My mother had always told her kids:  If you’re about to do something, and you want to know if it’s a bad idea, imagine seeing it printed in the paper for all the world to see.”

-           From the novel Gone Girl by Gillian Flynn (2012)

These days we don’t have to worry only about appearing in the newspaper one day.   With the Web, Twitter, texting, and camera-ready smart phones, in an instant we may know of anything done by anyone, anywhere.  From the mundane to the frightening we have one-click access to everything.   Whatever we do or say has the potential to zip around the globe with or without our consent.    

This social-media driven way of living is not likely to change any time soon.   Our potential exposure to the entire world has become an actual possibility, so maintaining an Internet-savvy perspective that “everyone might see me do this” has become more essential to remember than ever.   Yet modern as this outlook may seem, its roots date back generations.      

Look Both Ways

With advice applicable across any religion or spirituality, one of the most profound teachings of the Buddha offered guidance on how to live with strength and compassion.   He suggested we strive “(to) not do the slightest thing that the wise would later reprove.”  Today we live in a world where any communication we send, any photo we take, and any action we select may be captured and in a moment shared with millions – or at very least our boss.   So it remains timely advice to recognize the potential impact of our behavior, separate even from any judgment of it being right or wrong. 

The dictionary definition of “reprove” is “to correct with kindly intent” not “to imprison.”  Certainly, that’s one way the wise condemn our actions – they send us to jail.   It potentially could become harder and harder to break laws when a single photo or a mishandled email can reveal the crime.   But that’s not the point, since there’s a substantial list of behavior for which the wise might reprove ... and not choose to prosecute.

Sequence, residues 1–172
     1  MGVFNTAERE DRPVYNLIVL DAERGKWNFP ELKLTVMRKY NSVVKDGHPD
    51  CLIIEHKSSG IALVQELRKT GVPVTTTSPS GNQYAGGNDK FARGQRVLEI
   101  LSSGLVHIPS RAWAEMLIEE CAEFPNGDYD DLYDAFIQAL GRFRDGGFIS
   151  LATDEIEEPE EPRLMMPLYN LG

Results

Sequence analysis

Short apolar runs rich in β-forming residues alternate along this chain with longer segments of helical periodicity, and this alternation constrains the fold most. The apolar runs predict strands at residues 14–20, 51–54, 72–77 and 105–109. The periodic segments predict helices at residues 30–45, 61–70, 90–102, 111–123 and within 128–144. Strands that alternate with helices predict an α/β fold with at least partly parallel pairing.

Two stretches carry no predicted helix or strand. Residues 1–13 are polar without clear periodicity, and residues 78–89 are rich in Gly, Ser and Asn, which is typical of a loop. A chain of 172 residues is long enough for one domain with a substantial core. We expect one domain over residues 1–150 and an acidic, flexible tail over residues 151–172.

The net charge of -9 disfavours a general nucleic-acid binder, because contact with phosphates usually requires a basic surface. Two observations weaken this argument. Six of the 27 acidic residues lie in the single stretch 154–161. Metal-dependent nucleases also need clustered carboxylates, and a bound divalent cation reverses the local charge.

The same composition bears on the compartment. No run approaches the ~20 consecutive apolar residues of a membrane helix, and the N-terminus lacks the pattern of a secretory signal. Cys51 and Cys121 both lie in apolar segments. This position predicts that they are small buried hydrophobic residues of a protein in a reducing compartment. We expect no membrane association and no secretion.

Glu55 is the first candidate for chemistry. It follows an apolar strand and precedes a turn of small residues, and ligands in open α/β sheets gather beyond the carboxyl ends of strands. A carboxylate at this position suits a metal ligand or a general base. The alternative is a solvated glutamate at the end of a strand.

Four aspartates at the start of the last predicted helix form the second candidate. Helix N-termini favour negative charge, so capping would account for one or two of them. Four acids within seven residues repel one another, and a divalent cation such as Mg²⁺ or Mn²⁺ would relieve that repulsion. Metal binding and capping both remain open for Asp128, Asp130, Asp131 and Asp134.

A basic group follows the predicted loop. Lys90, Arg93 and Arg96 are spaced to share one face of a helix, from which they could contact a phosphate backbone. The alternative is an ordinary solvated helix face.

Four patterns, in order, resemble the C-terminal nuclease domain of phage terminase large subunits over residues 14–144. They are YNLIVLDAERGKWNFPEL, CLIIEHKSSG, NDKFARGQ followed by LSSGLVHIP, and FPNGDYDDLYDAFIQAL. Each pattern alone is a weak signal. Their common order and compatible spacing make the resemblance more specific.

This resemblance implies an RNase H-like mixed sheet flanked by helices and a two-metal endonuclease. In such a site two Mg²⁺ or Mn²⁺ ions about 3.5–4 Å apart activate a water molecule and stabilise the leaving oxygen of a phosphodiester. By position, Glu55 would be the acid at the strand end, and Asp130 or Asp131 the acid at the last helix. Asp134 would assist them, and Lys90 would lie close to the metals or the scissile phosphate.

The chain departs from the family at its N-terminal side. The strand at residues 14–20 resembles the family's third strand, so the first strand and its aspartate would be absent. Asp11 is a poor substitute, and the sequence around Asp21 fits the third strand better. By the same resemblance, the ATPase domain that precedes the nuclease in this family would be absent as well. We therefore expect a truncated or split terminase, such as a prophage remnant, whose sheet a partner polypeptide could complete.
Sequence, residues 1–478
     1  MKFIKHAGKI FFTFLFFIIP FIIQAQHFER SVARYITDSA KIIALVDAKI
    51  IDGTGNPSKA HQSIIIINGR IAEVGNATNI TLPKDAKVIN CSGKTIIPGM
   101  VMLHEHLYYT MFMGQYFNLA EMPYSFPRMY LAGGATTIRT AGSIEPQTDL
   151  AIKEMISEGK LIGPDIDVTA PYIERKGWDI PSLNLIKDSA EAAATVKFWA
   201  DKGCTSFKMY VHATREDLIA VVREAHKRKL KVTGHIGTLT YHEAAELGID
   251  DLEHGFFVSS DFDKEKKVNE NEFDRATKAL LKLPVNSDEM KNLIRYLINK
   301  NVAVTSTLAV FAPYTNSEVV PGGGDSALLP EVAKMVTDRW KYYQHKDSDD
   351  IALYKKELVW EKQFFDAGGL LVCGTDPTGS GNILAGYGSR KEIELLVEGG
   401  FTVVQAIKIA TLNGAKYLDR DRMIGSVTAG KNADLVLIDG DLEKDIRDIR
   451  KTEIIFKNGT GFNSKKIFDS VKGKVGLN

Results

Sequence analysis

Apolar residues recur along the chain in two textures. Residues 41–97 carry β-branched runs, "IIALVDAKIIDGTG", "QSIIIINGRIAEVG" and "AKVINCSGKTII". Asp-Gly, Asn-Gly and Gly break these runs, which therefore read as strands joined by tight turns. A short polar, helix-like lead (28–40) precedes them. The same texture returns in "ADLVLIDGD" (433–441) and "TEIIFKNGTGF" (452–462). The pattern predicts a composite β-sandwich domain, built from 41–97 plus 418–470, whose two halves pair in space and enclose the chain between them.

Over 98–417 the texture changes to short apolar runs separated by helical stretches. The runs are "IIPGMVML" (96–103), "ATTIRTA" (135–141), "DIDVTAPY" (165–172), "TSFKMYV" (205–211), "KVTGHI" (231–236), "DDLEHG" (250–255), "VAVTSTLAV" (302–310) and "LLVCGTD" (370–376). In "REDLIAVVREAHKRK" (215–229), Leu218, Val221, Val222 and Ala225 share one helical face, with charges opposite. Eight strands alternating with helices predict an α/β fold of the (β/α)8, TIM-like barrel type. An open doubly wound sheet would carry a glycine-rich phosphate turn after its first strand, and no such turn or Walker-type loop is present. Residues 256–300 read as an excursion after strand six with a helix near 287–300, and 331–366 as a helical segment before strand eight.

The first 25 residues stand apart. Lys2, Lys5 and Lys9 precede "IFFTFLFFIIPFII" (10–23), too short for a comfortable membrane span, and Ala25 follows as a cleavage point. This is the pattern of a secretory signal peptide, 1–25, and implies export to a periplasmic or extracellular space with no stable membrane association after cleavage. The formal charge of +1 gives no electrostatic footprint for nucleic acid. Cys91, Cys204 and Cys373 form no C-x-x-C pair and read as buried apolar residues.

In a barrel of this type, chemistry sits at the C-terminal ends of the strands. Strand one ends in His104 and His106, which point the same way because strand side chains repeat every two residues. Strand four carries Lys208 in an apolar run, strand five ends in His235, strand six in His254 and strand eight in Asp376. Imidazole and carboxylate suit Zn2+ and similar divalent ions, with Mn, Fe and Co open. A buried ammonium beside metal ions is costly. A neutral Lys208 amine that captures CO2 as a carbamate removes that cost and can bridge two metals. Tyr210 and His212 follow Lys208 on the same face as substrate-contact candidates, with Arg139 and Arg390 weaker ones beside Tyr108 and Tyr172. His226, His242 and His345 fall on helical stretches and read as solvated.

“What would the wise think?” is a larger concept than getting caught misbehaving; it’s about living well day-to-day.  A parent recently told me that when she manages not to get flustered over her son’s lost homework, he’s more likely to admit his mistake and agree to make up the work.  When she shouts, he gets defensive and yells back.   What action would the wise, whoever they are, suggest?   What action would you, in your most sage moment, recommend to your best friend?  

In more modern terms, if someone posted this interaction online, how would you come across?   Not only focusing on right or wrong, but if someone wise stumbled upon this moment, what would they say?  How would the collective wisdom of society reflect on my tone and language with my child right now?  Not would they judge me for it, but how would they recommend I proceed? 

This fundamental guidance can become as instinctual for parents as teaching how to cross a road safely.   Instead of fighting the fact that our next misstep could end up on Facebook, we can emphasize a basic concept about free choice.   Model a practice for ourselves and our children of pausing and reflecting, am I selecting a path of wisdom right now?   If millions of people see me on YouTube, or if my children or grandchildren one day read this email or see this photo, will they reprove

Proceed with Caution

Being ‘wise’ doesn’t mean being overly strict or moralistic.   We all have made decisions in the moment we later regretted, or have completely mishandled some situation.   All of us say dumb things, and do dumb things.  And most of us do stuff as teenagers we wouldn’t repeat as adults.   That’s life.   At least in my experience, the truly wise laugh at their inane adolescent experiences, cut themselves some slack even when electing to make amends for screwing up, and release themselves from any unobtainable goal of perfection.  

All we can do is aspire for wisdom, notice when our aim is off, and try again.  Have fun, act silly, push boundaries, take risks, live on the edge.   Do whatever feels natural while maintaining a broader perspective:  What is the potential impact of my action right now, on myself and on others?  Is this who I believe I am?  Is this how I want to be perceived by the world?   Living this way when some event goes completely off the rails we can still acknowledge that we’ve done our best to care for ourselves and those around us.  

We can create a habit for ourselves and our children:  Over and over again, pause and reflect.   Even alone in the woods, no technology in sight, recall the teaching of the Internet.   What’s the intention behind this next action of mine?  Would the wise reprove?   Would the world reprove, or would I, if this particular moment goes viral?

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